My best friend Christa and I sit together in the darkness of Chapel, our 6th-grade-awkward bodies shifting in the pleated houndstooth skirts no manufacturer ever guessed would grace hips like ours. We had fast-forwarded past the cool, mean girls whose thighs and arms were straight and long, and seemed to make more sense with blue eyeliner and freshly-crimped hair. I don’t know if this is what made us friends, but it was maybe the beginning of it. We pass notes, giggling as we play matchmaker listing names of classmates in the “weddings” page in the front of my plum leather NIV Bible, like a free-church version of the game MASH, stifling squeals when our crushes appeared on one of the lines.
We are not model students. The headmaster of our school ascends the stairs to the stage and takes the microphone. Without thinking, Christa and I harmonize with him for the first few phrases of his prayer language–hoku madaya madaya–and fall over in embarrassment and laughter when we realize what we have involuntarily done. It’s common knowledge that Mr. Whitmire says the same few phrases into the microphone all the time, but we have called attention to it. It doesn’t seem like the teacher noticed, and crumpled over, heads-to-knees, we could have been praying anyway.
What I really remember about this little private Charismatic school is that prayer languages go a little bit like Spanglish, with native and foreign tongue woven together phrase by phrase, tongue of flame flickering word by word.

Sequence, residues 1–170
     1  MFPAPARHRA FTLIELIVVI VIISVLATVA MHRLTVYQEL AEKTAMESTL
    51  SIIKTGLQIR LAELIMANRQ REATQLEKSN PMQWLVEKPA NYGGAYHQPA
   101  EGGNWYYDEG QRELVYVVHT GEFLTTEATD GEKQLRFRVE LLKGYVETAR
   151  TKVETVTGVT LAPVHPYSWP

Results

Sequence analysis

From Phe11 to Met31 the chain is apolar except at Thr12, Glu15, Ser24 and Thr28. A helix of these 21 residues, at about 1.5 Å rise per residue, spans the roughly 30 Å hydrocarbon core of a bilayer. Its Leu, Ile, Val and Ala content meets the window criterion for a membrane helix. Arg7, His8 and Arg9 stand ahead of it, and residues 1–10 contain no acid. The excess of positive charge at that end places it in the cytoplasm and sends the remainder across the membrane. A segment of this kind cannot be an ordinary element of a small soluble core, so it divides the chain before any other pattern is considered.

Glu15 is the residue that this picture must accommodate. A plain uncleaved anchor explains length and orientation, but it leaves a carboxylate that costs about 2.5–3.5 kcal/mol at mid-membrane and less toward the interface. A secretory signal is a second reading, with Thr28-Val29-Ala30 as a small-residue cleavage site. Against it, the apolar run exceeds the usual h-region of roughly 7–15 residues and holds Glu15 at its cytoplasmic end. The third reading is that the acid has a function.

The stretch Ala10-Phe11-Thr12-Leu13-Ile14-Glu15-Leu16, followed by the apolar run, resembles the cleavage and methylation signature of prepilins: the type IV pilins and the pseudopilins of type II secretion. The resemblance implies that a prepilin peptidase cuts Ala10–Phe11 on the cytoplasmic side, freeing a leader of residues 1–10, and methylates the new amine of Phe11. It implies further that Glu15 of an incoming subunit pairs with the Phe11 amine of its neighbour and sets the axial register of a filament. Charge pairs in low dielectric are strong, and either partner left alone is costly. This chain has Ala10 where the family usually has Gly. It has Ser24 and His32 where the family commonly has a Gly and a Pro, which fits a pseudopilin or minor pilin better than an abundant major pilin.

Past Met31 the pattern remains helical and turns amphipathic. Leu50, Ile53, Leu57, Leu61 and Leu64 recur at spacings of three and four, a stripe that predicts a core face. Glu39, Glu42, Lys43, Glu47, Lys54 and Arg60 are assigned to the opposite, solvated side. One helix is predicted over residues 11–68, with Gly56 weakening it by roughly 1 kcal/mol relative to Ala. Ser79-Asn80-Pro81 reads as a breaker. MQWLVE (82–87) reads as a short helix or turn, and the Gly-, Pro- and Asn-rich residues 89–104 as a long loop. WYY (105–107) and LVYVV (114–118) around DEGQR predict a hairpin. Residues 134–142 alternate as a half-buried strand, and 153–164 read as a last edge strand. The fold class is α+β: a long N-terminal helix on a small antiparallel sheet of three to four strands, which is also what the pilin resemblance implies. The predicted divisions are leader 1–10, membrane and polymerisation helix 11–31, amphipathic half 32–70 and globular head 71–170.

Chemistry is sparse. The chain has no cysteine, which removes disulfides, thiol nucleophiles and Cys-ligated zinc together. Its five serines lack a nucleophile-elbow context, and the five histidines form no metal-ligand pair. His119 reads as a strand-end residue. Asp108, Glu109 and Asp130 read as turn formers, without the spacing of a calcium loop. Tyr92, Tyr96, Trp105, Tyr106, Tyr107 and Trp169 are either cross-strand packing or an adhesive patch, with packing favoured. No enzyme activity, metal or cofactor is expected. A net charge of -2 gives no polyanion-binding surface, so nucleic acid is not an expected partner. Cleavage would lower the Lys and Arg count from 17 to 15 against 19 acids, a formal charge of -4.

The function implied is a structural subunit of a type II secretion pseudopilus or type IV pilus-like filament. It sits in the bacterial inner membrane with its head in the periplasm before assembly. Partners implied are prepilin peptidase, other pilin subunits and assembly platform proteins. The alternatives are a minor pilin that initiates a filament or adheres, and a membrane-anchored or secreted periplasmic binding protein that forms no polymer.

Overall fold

“This is an A — B conversation, so you better C your way out of it,” Shekinah said to me over her shoulder before whipping her head back around. She was named for glory, but delivered the worst parts of middle school like badly-written irony.
I wonder often if I had been baptized with fire, or if I was just looking for my own A — B conversation. Regardless, that is what I found.
I was eleven, twelve, thirteen.
hoku madaya madaya….
We’ve been praying for hours.
Now a senior in high school, I have helped to organize this 12-hour pilgrimage by car, to visit the prophets, to go where the prayer never stops, where God pours out heaven’s music on whomever’s at the piano.
And I have met God out here, hundreds of miles away from home.
[I have. I want to make that clear. I heard the Father in the words of the prophets, I found the suffering Christ with my face pressed into the carpet of the prayer room, Holy Ghost taught me to pray the Psalms.]
But here now, in this room, we are prayingprayingprayingpraying and no one has told us what we are praying for, and this 8-year-old kid is supposed to be a match to set you on fire, if you are poor enough to have an unlit tongue. My classmates are wincing and fumbling with the sounds coming out of their mouths and I swear the same Spirit everyone is calling on sidles up to me on the edge of the room, where my lips are parted, but unvoiced, and whispers, you can’t stay here.
Which I know is right, finally. I have been standing on the edges of rooms like that for a while now.
It’s time to go. And it takes me some time to be able to explain all the reasons why.
I don’t feel fire again until communion wine rolls down my throat, three years later.
today, I offer you a small snapshot into (or through?) my own “on fire” days, in keeping with the release of Addie Zierman’s most excellent memoir, When We Were on Fire, which comes out this week. Addie beautifully and painfully and humorously weaves her story about what it meant for her to grow up evangelical. She describes the upswing and the downswing of her faith journey, as it takes your breath away.
This small bit of story above, I will emphatically point out, is quite different from Addie’s–cousin to it, instead. But When We Were on Fire is my story, too, and I keep wanting to hand it out as such. Basically, I cannot recommend this brilliant memoir enough.
Go read it. Your own story may emerge between the lines.